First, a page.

You are not allowed to complain about not getting something that you never asked for. Read that again.

You are not allowed to complain about not getting something that you never asked for.

You are not allowed to complain about not getting something that you never asked for. Read that again.

You are not allowed to complain about not getting something that you never asked for.

  • Lisa Lou

Traveling with Friends



Society is opening and people are resuming long overdue vacations. This is great news! I recently posted some tips on making your travels successful, but let’s focus on dos and don’ts of traveling with friends.


1. Boundaries: When traveling with others, set guidelines, boundaries, and expectations before leaving town. If you know you and your husband want one night to yourselves, express this up front. If a quiet breakfast in bed is necessary to start your day, see if this fits with the group’s schedule.


2. Destination: Determine your destination. This may sound unnecessary, but it is important. I cannot travel to high altitudes, and the friends we travel with know this. They are always kind and accommodating when I am around. People have preferences in their choice of destinations so get everyone’s input before proceeding.


3. Transportation: How will you get to your location? Are you flying, driving? Is everyone taking their own car, or are you renting a van? If you rent, remember to let the company know who will be driving, as this matters for insurance.


4. Finances: Be honest about what you can and cannot do. There is no shame in this. It is honorable to be a good steward of your money. Ways to cut back: stay in a B&B and cook your own food; instead of a 5-star hotel stay in a 3-star; go camping; stay fewer nights. It is better to stay 2 nights and enjoy all the activities (which cost money) than 5 nights and have no money to participate in the events with your friends.

5. Who Pays: Decide who pays for what activities and meals before leaving town. Is everyone on their own? Will you split things down the middle? If participating in shared activities, maybe one person fronts the cost and everyone else Venmo’s the money to that person before the activity begins. Have a plan and pay promptly.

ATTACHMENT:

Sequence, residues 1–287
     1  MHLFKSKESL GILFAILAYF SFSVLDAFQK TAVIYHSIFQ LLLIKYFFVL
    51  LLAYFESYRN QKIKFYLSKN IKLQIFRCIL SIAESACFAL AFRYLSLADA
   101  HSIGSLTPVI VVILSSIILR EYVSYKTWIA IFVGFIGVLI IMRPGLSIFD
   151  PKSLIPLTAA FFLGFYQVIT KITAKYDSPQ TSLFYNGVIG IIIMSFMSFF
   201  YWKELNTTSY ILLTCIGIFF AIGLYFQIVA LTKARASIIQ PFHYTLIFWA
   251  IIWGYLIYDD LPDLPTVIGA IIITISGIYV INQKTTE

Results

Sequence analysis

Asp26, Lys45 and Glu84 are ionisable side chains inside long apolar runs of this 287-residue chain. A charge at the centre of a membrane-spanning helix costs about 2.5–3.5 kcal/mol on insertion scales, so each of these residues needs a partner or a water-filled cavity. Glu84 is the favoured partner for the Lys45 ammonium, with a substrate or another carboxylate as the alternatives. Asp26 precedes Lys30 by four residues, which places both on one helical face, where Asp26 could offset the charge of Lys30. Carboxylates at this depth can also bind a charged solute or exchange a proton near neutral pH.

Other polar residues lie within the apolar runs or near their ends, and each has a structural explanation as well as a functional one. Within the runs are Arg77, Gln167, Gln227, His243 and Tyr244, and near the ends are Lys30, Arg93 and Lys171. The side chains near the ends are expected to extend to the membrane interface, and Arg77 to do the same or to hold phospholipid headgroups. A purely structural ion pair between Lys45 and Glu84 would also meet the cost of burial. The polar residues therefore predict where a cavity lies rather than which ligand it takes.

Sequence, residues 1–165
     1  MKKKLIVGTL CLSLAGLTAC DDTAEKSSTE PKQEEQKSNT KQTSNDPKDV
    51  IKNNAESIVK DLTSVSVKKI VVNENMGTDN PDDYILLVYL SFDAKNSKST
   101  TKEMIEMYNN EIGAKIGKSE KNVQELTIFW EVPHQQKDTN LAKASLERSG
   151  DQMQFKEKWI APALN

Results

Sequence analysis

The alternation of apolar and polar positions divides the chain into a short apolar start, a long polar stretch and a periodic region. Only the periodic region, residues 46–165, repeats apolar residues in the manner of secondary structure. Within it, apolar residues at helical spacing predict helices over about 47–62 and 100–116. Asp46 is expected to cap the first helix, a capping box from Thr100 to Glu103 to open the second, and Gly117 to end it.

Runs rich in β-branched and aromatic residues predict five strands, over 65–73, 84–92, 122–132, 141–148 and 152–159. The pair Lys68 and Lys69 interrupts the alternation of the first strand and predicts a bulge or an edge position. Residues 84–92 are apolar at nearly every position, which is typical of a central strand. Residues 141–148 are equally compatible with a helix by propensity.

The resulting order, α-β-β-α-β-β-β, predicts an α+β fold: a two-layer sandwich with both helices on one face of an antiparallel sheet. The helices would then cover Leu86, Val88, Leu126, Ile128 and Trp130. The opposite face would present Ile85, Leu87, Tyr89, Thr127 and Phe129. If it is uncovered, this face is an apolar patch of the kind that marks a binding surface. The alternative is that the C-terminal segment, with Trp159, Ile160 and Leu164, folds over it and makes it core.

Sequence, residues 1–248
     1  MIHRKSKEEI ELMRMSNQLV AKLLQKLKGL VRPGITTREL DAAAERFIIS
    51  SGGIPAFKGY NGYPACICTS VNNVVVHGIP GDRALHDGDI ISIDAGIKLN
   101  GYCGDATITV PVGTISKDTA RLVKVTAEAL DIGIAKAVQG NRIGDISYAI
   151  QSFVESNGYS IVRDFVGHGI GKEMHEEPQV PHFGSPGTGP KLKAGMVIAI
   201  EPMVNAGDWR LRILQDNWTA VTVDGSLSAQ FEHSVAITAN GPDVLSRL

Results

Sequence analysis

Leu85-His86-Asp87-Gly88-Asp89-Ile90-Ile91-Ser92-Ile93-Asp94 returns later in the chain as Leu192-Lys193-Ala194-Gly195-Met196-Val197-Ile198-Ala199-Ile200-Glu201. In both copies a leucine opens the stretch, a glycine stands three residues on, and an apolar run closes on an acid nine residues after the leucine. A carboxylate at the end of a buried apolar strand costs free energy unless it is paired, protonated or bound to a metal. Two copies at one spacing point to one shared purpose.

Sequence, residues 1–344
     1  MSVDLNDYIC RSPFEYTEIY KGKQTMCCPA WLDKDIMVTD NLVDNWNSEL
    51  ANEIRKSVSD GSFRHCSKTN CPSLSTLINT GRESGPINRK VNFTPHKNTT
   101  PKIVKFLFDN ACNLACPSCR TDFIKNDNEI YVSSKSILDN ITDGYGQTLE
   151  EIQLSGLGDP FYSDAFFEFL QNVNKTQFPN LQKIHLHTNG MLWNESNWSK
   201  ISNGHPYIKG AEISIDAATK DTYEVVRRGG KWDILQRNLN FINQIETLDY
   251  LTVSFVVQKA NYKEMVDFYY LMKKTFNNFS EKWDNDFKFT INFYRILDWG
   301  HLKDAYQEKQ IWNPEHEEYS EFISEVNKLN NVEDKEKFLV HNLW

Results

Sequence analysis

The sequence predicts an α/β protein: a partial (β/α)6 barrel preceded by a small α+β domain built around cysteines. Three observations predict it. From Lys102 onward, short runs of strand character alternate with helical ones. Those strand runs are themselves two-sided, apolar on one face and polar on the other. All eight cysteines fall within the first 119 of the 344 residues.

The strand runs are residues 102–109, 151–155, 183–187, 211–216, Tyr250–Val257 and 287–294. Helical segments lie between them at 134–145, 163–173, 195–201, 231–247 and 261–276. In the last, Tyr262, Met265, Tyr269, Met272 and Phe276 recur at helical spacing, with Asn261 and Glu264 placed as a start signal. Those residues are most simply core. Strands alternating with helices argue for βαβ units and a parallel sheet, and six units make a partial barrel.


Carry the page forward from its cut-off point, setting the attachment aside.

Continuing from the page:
6. Itinerary: Plan what you will do on your trip before leaving town and get input from the group. Once the itinerary is in place, have one person take the lead in preparing a written agenda. This avoids confusion. No one can say they did not know, because it is written for all to see. An itinerary also helps people plan accordingly when packing.


7. Contacts: If you are traveling with people you do not know, make a few friends, and put their contact information into your phone. This allows you to stay connected to the group and can be extremely helpful if you are running late or have an emergency.


8. Be on Time: When working within a group, be on time. You do not want to be “that” person who is always running late. If you tend to get behind allow yourself an extra 15 minutes before you need to meet up with your friends. Being prompt is one way of showing respect to those around you.


9. Good Companion: Have a good attitude. If your group agrees to an activity, participate unless there is a reason why you cannot. If you do not wish to join in, tell everyone up front you will sit this one out. If you do not feel well or need rest, let them know. You do not need to be beholden to everyone else, but honesty is key. Be a good communicator about what you will and will not do.


10. Luggage: Do not overpack. Rule of thumb is one suitcase and one carryon per person. Remember you have other people to think about. Fitting four adults into a sedan with four suitcases and four carry-ons will be quite tight. Be mindful when packing.


11. Roommates: If you are in a situation where you will be sharing a room, ask the organizer of the trip to do their best to match people with similar habits. A night owl and an early riser? Probably not the best combination.


12. Social Media: Be careful what you post. Other people may feel left out if they were not included in your friend group. Also, showing pictures while you are out of town is an open invitation for criminal activity in your home. Police departments strongly advise against posting when you are traveling. Most importantly, you are with friends presumably to be together. Minimize your phone time and learn to be physically and mentally present with the people you are with.


Vacationing with friends can be great fun. The key is to communicate up front, be intentional, set boundaries, and have a plan. Not all people have a personality that travels well with others. If you are the type of person that needs a certain structure, is not flexible, and becomes irritated if you must change plans midstream, then group travel is probably not for you. When others are involved, flexibility, a good attitude, and a little grace are necessities. Friends that frequently go places together know their ultimate outcome is not exclusively about the destination or excursions. Their goal is creating deeper connection, love of each other, and memories to carry them through life.


Together with you,

Lisa Lou